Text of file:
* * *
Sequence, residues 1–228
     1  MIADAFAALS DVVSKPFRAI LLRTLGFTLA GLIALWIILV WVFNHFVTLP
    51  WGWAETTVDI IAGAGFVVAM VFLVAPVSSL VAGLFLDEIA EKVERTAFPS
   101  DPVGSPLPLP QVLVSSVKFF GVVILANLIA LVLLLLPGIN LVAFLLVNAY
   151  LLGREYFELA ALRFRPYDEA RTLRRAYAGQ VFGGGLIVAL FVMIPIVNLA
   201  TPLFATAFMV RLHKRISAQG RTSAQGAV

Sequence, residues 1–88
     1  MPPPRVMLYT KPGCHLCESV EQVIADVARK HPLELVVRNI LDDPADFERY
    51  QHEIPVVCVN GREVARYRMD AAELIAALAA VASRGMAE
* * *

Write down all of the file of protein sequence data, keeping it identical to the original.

Sequence, residues 1–228
     1  MIADAFAALS DVVSKPFRAI LLRTLGFTLA GLIALWIILV WVFNHFVTLP
    51  WGWAETTVDI IAGAGFVVAM VFLVAPVSSL VAGLFLDEIA EKVERTAFPS
   101  DPVGSPLPLP QVLVSSVKFF GVVILANLIA LVLLLLPGIN LVAFLLVNAY
   151  LLGREYFELA ALRFRPYDEA RTLRRAYAGQ VFGGGLIVAL FVMIPIVNLA
   201  TPLFATAFMV RLHKRISAQG RTSAQGAV

Sequence, residues 1–88
     1  MPPPRVMLYT KPGCHLCESV EQVIADVARK HPLELVVRNI LDDPADFERY
    51  QHEIPVVCVN GREVARYRMD AAELIAALAA VASRGMAE